Friday, March 28, 2014

David Koch wants you to elect Rand Paul president

Rand Paul will be the Republican candidate for president in 2016. He is well-known, partly because of his father's notoriety. People have a generally good opinion of him. His public statements are frequently rational  and appeal to libertarians on the right and the left. Most importantly, the Koch Brothers, billionaire backers of regressive candidates and causes, claim to be libertarians and will be eager to back a candidate who also claims to be libertarian.

Libertarian politics are not a new idea. Nearly 300 years ago, philosophers and politicians in Europe began preaching that the government oppresses the individual. In order to be truly free, they argued, an individual must be free from any governmental coercion whatsoever. Libertarians of that time advocated freedom from the church as well as the state, since in Europe church and state were often one and the same.

Above all, these early libertarians advocated freedom from oppression by an aristocracy. The aristocracy in Europe held hereditary positions and wealth. The common people could not get those things in the ordinary course of events. Therefore, libertarians like Thomas Paine argued for the abolition of aristocracy and a government that would be responsive to the people.

Times change. We do have a hereditary aristocracy now in this country. The children of the rich eat better food, wear better clothes, go to better schools, and live a better life than the children of the poor. This aristocratic system is far from the one that patriots like Paine sought to install when they called for a rebellion against England. The Americans abolished hereditary titles, but they did not establish a system that guaranteed equal access to wealth for all.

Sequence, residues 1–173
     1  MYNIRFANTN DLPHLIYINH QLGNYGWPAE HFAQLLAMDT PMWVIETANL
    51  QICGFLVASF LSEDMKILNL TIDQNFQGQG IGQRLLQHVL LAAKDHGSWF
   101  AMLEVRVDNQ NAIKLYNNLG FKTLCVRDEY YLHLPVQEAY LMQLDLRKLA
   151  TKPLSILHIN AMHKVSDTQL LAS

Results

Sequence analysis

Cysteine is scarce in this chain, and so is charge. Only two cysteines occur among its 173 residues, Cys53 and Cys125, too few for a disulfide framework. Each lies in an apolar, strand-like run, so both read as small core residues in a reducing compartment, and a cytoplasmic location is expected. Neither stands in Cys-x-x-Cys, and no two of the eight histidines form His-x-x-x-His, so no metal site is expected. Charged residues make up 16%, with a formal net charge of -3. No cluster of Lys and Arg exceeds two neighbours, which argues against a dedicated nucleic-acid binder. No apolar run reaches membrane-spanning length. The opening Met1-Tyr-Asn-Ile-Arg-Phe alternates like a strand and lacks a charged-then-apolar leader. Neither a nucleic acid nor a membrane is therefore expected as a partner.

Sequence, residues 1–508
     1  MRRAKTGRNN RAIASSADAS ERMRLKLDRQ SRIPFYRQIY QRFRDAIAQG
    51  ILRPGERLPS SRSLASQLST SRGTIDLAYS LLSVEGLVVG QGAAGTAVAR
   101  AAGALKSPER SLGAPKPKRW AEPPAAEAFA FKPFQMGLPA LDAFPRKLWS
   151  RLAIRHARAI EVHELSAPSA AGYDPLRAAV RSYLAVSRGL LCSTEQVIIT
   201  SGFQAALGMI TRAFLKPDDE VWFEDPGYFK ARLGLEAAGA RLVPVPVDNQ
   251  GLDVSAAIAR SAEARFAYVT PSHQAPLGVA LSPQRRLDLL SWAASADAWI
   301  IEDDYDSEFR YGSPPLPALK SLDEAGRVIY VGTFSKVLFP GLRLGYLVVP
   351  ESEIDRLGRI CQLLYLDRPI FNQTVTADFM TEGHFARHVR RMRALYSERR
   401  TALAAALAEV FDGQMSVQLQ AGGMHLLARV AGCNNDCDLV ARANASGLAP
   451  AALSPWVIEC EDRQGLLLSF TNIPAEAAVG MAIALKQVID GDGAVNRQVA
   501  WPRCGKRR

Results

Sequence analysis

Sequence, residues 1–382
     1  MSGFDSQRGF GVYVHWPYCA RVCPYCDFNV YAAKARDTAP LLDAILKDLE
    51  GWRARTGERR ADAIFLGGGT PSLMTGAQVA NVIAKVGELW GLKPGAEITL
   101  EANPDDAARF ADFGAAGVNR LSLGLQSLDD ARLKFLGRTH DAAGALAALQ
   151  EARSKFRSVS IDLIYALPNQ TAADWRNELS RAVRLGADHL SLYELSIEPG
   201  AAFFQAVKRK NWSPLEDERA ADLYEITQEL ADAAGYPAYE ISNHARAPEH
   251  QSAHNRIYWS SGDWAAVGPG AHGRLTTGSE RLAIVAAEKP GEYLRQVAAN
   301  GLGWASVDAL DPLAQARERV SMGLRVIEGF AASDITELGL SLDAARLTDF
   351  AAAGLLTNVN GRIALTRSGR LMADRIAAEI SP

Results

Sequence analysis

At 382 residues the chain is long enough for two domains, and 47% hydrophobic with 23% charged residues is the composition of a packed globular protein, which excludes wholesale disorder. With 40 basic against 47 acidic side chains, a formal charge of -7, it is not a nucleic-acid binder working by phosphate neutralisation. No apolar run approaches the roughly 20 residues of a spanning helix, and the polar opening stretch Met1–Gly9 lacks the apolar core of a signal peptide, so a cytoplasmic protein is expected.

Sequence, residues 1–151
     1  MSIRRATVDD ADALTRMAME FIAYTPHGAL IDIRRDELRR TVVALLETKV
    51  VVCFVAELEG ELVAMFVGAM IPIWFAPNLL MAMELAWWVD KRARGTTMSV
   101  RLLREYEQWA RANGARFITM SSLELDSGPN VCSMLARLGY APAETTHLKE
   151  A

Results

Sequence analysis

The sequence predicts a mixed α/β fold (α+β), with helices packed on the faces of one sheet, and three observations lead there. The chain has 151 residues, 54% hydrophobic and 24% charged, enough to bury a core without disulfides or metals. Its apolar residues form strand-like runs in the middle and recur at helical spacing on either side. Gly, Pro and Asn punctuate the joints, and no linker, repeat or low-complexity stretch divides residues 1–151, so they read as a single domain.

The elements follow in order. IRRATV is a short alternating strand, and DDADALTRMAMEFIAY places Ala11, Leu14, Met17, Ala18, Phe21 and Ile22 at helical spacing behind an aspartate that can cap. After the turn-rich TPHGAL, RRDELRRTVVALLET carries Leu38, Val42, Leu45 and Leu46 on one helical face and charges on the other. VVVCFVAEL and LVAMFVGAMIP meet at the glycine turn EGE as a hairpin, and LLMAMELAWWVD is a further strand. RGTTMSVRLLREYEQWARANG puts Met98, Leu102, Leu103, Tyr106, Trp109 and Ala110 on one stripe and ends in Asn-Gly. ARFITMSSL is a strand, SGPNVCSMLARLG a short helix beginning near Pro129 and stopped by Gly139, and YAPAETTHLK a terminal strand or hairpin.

Libertarians like Thomas Paine rebelled not only against the government, but also against church and the wealthy. Libertarians like Paul would like us to forget that. They consider the government alone to be the enemy of the individual, not the social structure that supports the government. In recent years, the government has become the strongest support for the poor and elderly. Cutting government programs frequently means taking bread away from poor children and comfort away from the elderly and infirm.

Rand Paul advocates freedom, but only in a general sense. He never explains what freedoms he endorses and what may be the end result of these freedoms. He has said that a private business should have the freedom to refuse service to a minority member. The end result of this freedom would be a restitution of the segregation laws that kept black Americans from enjoying their constitutional rights for more than a century.

Paul says he is proud to be a Republican because Republicans in Kentucky abolished the Jim Crow system there. Those Republicans may have done so, but starting in 1964 the Democrats in the South began changing allegiance to the Republican party. The map of the electoral votes shows that the states that were solidly Democratic in the 1950s are solidly Republican now.

Paul and his fellow Republicans would like the rest of us to forget that the federal government provides solace to millions and prevents the wealthy from riding rough-shod over the disadvantaged. Paul will likely be the Republican candidate for president in 2016. His presidency will further deepen the divisions that beset the country. Paul has no solutions to offer for healing these divisions. Instead, he offers slogans, half-truths, and an inflexible philosophy.

Sunday, March 16, 2014

Rand Paul advocates segregation, Paul Ryan advocates decimation.

Adherents of libertarian philosophies enjoy wide-spread popularity these days. Their views coincide generally with American ideals. Patrick Henry summed up his animus against the British crown in 1775 by saying, "Give me liberty or give me death." America's schoolchildren conclude each pledge to the flag with the words, "With liberty and justice for all."